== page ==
Last Friday, we played at a nice little venu called Zak in Jona (fairly close to Zurich). Great people, and a really nice little PA system. The speakers were actually Bag Ends like I use at home, so it was comforting to hear something a bit familair after always hearing the sound of my instrument change a bit from night to night to night. Our friend Jessica who helped us a lot with promotion for this tour came to the show as well since she lives in Zurich. We had dinner with her at a nearby restaurant and let her order a traditional Swiss meal. I have to say it was definitely different from anything I think I've had before. I've forgotten the name of it, but it was basically potatoe slices with cheese and some sort of pickle slices. Unusual to me, but good. Snow had fallen for about a day, and as we walked back to the venue, I was really impressed with how pretty the town was at night, sith new snow, a quiet stream and lots of white christmas lights. Afterwards, we stayed with our new friends Oli and Dominique who have a beautiful home just outside Zurich (complete with hi-speed wireless internet and a big salt water fish tank.)

Jona by day
Jona by night

Jessica eyes Jerry's new camera

Oli, Dominique and their watery friends
Oli and Dom's view

Saturday we found ourselves in Biel/Bienne. When we arrived at our hotel, I came out of the elevator by myself and managed to startle a French woman just around a corner... only to then realize it was our good friends Christelle and JP from Cluny, France. JP had e-mailed me saying they were going to drive to this show (5 hours for them!) but with all the business and fatigue it had actually slipped my mind. We spent a good deal of time with them before the show and the next morning and it was great as always to see them. The show itself went pretty well for us, but unfortunatley was a pretty disappointing event for the organizers I think. We were actually playing on the second day of a two day festival. They had a total of maybe 5 or 6 groups each day, but told us that they really hadn't had many people there either day. Too bad, it was a great location, and some good groups as well. Hopefully they can keep the event going and growing.

On Sunday, we played in another festival, this time in Gersau, right on a large lake amid the alps. We had a bit of a funny time finding everything. Following my GPS system as always, we'd driven for a few hours and were obviously getting close. We pulled off the highway, made a left turn... and ran straight into a snowed in ferry dock. I guess in the springtime, the ferry would have saved us about 35 kilometers, but.. it obviously wasn't going anywhere, so we were off again on the long route. I had also come to realize that the address we had for the festival was actually a PO Box. Obviously we probably weren't actually playing ina post office, but not having any other information, we decided to head to the hotel first and maybe make some phone calls to sort it out. When we got to the hotel and walked in, a woman recognized us as "Tom and Jerry" immediatley and showed us to our rooms. Jerry asked if she knew where the venue was and she promised to take us there. Once we had dropped off our bags in our rooms, she then took us downstairs, through the restaurant to a larger room we suddenly realized "was" the venue! Funny.. but also a great feeling. It was amazing to get to play in a room that not only had an amazing view of the alps and the lake, but was also just downstairs from our rooms. Great great audience for the show too. We actually had to do 3 encores, and ran out of material to play. Jerry suggested that we just repeat something, so we did 77 Times for the second time in the night.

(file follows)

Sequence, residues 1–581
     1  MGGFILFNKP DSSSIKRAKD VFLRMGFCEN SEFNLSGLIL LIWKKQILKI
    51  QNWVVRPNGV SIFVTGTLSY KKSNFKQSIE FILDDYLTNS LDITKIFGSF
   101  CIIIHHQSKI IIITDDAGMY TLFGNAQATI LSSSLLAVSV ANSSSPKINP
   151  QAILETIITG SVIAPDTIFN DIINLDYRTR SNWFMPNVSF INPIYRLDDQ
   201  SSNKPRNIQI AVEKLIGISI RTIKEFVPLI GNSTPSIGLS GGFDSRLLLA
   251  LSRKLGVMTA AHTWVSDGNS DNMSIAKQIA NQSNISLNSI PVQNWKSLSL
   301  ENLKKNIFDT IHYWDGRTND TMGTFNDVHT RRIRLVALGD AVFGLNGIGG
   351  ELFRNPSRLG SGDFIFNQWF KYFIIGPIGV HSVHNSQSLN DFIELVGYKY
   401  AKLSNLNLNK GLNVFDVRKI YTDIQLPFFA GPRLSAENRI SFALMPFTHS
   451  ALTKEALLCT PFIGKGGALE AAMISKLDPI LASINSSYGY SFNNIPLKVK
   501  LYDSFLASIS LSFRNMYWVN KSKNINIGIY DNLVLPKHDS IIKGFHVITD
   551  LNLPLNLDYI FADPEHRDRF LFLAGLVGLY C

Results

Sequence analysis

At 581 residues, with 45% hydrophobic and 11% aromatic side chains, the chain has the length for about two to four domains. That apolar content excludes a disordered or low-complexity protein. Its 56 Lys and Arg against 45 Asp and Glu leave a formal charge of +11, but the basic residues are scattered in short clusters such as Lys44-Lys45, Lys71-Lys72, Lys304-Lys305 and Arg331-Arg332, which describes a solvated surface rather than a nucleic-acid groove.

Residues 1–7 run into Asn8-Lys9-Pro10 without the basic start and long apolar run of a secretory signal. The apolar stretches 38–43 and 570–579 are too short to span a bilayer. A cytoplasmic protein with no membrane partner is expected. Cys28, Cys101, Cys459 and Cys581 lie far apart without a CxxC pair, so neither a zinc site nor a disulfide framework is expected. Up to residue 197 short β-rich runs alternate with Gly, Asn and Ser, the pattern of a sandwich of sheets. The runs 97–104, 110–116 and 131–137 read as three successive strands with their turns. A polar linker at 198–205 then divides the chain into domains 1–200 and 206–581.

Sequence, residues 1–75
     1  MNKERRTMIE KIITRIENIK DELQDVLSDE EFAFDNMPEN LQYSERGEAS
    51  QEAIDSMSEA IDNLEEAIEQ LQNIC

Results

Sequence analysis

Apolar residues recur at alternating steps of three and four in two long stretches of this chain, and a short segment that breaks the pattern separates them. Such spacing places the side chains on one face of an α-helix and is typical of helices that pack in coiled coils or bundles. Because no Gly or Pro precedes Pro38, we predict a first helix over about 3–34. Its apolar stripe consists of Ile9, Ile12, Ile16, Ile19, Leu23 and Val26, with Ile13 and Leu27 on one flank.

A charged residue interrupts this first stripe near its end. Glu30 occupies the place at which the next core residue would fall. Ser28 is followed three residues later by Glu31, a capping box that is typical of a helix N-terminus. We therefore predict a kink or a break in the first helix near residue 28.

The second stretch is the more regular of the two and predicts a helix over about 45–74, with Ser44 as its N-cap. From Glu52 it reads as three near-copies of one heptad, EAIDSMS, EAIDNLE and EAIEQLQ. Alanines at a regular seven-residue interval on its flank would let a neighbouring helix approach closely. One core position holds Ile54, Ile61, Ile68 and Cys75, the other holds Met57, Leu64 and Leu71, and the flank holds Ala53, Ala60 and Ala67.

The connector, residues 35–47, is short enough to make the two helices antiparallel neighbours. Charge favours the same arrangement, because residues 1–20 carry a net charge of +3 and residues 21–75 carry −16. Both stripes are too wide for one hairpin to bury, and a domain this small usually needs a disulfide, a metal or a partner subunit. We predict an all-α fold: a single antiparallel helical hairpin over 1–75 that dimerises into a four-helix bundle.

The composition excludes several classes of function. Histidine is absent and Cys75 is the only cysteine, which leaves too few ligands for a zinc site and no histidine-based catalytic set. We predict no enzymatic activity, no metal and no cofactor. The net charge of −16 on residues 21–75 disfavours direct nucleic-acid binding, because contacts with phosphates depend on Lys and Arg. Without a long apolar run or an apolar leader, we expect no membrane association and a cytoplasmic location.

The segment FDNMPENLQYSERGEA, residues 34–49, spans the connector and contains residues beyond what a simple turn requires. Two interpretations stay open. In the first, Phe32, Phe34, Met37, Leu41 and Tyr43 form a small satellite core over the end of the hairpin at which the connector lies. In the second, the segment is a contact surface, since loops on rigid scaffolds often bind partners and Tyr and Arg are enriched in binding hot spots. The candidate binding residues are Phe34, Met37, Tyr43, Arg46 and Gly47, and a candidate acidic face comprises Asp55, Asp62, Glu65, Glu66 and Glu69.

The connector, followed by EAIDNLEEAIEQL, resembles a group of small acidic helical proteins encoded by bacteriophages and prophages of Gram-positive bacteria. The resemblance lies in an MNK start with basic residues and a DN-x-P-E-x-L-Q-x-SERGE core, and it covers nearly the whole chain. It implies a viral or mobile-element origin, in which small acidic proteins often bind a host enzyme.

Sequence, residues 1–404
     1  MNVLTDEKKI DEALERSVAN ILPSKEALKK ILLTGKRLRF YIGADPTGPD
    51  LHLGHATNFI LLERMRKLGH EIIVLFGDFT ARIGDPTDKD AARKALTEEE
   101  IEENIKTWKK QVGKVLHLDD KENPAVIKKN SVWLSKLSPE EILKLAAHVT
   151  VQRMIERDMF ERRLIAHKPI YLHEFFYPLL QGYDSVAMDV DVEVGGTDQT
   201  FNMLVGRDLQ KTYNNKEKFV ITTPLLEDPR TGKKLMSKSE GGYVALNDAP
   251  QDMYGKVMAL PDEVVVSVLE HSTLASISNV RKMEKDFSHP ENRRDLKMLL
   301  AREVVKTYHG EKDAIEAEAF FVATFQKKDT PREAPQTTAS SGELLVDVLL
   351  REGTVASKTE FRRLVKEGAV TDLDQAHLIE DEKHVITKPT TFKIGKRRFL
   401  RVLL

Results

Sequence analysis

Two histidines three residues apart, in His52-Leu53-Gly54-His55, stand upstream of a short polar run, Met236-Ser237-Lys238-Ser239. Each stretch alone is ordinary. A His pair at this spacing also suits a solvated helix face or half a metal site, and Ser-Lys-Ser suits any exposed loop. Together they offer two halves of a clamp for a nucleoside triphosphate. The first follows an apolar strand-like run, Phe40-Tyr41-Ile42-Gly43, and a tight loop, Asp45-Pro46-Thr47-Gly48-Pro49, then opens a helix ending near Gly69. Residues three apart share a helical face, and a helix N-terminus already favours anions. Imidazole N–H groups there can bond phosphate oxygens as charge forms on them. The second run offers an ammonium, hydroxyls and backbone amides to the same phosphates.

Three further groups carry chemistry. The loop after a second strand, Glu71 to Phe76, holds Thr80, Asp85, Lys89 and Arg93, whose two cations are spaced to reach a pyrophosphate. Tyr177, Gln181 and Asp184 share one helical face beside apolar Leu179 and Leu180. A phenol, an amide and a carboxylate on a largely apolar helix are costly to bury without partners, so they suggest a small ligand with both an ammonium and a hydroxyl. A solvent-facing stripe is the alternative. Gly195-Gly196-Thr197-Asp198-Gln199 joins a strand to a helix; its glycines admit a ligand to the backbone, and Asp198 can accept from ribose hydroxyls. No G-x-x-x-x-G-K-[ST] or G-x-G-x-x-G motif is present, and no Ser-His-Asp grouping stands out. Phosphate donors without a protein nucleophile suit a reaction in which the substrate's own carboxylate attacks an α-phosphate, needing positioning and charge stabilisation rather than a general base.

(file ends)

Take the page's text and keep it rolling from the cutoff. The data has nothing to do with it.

road to Gersau
Gersau hotel view

Friday Nov 25, 2005, 1:28pm - Gottard Tunnel, Switzerland
We're heading north again, to the Zurich area. It's been snowing today on the highway and that's actually been a cause for concern for a few days now, as Roger (our insatiable, unstoppable promoter) realized a few days ago that our rental van seems to have summer tires on it. We stopped at the rental agency before we left Milan today and they gave us some chains, but the big question has been whether or not we would be allowed to pass through the tunnel we're now in. Well.. as I write this, we've now made it through. Traffic is of course quite slow though.

Thursday Nov 24, 2005, 4:15pm - Chiasso, Switzerland
A busier day today than most, and if you've read some of the stories below that should mean something extra to you. We started the day in Milano, then drove to Switzerland where we did a brief radio interview. From there it was off to a music store to set up for a clinic, and now with all of my gear set up at the store, we've just driven an hour to the club to do what set up we can for tonight's show. Nothing much for me to do with all my gear an hour away, but Jerry is doing a quick drum set up and sound check before we drive back to the music store... after which it'll be back to the club... and then to completely round out the day, back to Milano to spend the night. Confused? You're not alone...

Wednesday Nov 23, 2005, 12:10pm - driving from Schio to Milano, Italy
Marco is driving us back to Milano where we hope to have time to do laundry before a music store clinic. In Italy, it seems now they've banned smoking indoors, but in Switzerland people still do like crazy. Since all my clothes are shut up in a suitcase all the time, everything now smells like smoke. Not being a smoker, I'm looking forward to trying to remedy that situation.